Determining when to launch — and when not to is the most fundamental and consequential decision the helicopter crew can make, but how do you make it? New federal mandates now require crews to use risk assessment, but which risk assessment tool is right for your organization?

For my money, you can't go wrong with the Operational Risk Management (ORM) system, a color-coded, numerical and continuous operational risk management scale developed by the U.S. Coast Guard in 1996. (U.S. Coast Guard. "Operational Risk Management." Commandant Instruction 3500.3.) The USCG's ORM is based around the following four operating principles:

  • accept no unnecessary risks
  • accept necessary risk when benefits outweigh costs
  • make risk decisions at the appropriate level
  • integrate ORM into operations and planning at all levels

The latter two of these are particularly interesting and require further explanation. According to the USCG, making risk decisions at the appropriate level means the level that "most effectively allocates resources to reduce the risk, eliminate the hazard, and implement controls. This includes ground rescue personnel scrutinizing their own plan to request a helicopter rescue and whether it is truly appropriate; incident personnel developing a plan of action to ensure subordinates are aware of their own limitations; and when to refer a decision to a higher level."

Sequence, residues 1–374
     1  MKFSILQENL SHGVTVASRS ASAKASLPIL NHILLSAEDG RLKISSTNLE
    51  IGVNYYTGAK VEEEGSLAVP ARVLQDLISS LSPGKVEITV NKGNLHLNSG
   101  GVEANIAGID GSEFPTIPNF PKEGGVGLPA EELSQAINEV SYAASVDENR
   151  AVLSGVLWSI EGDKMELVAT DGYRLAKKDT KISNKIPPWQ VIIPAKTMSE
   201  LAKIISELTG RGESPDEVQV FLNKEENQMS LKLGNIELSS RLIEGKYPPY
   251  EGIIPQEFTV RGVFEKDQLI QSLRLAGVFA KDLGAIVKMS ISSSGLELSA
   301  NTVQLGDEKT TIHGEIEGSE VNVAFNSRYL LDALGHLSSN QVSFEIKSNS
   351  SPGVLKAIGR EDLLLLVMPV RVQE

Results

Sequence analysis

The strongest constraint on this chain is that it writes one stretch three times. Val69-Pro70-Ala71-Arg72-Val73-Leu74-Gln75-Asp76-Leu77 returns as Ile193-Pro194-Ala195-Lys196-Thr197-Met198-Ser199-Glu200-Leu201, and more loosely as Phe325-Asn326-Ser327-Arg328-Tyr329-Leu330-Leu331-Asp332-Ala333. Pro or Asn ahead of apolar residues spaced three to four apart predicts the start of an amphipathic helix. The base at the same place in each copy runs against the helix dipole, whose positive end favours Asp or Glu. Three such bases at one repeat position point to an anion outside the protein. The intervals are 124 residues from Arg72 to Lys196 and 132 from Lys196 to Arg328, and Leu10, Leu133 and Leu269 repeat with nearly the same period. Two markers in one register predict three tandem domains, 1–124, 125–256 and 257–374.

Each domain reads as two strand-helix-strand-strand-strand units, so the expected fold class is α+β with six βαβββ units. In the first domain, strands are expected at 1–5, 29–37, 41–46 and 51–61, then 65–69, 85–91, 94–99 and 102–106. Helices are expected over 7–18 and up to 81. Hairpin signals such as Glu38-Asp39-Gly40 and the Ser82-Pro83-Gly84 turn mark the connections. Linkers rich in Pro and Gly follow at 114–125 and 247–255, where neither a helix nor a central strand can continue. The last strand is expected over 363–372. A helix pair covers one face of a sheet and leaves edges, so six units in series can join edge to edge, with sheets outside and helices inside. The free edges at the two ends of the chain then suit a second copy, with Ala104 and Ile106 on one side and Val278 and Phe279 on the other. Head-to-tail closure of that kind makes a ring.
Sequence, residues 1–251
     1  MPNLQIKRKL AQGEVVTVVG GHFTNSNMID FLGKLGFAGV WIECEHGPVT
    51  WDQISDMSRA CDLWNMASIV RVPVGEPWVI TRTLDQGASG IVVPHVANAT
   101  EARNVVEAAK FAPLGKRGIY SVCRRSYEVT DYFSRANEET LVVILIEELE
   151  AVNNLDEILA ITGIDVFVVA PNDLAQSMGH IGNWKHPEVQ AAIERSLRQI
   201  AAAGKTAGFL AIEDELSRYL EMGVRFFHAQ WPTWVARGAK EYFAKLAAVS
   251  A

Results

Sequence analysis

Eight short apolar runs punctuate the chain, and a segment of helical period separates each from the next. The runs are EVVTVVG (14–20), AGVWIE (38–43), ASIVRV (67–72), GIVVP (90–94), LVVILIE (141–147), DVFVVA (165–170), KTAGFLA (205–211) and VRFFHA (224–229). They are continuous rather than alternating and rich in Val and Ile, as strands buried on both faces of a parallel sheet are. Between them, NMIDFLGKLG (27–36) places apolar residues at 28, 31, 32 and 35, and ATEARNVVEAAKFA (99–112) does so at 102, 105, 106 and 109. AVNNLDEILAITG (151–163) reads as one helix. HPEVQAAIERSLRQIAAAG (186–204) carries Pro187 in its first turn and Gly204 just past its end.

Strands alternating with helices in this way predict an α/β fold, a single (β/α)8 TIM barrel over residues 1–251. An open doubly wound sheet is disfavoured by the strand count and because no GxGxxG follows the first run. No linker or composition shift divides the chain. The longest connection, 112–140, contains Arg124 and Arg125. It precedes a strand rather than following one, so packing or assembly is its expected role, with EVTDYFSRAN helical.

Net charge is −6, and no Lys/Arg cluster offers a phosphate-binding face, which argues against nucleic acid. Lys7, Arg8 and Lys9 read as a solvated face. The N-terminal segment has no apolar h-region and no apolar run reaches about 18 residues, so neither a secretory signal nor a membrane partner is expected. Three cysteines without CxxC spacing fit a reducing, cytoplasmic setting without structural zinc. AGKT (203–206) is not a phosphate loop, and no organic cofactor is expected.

Integrating ORM into operations and planning at all levels would seem complex, but the USCG simply means the doctrine should be applied during all mission phases, including the actual mission itself, advising "risk can change dramatically during an actual mission." Just because launching was a good idea, it doesn't mean completing the mission is.

Air crews and their support personnel need to know how to slow the tempo down in order to regroup and re-evaluate during any mission stage.

Preparing for actual missions, the USCG then uses a personal risk scoring system — a 0 (no risk) to 10 (maximum) ranking that is completed by multiple members of the rescue team and their support personnel. The scoring is compiled and placed on a green-amber-red scale as part of its decision-making tool.

It's simple, it's fast, and it works. It scores the following variables: supervision, planning, contingency resources, communication, team selection, team fitness, environment and incident complexity.

Green scores below 36 mean the mission is go. Amber scores of between 36 and 60 suggest moderate risk, requiring additional controls and mitigation before the mission can be launched. Red scores of 61 to 80 mean the mission is a no-go. After scoring individually, team members discuss and review their scores together, re-enforcing the safety culture.

No mission is without risk, but understanding which risks are untenable and which ones are manageable is the key to survival. And that starts with the go, no-go decision.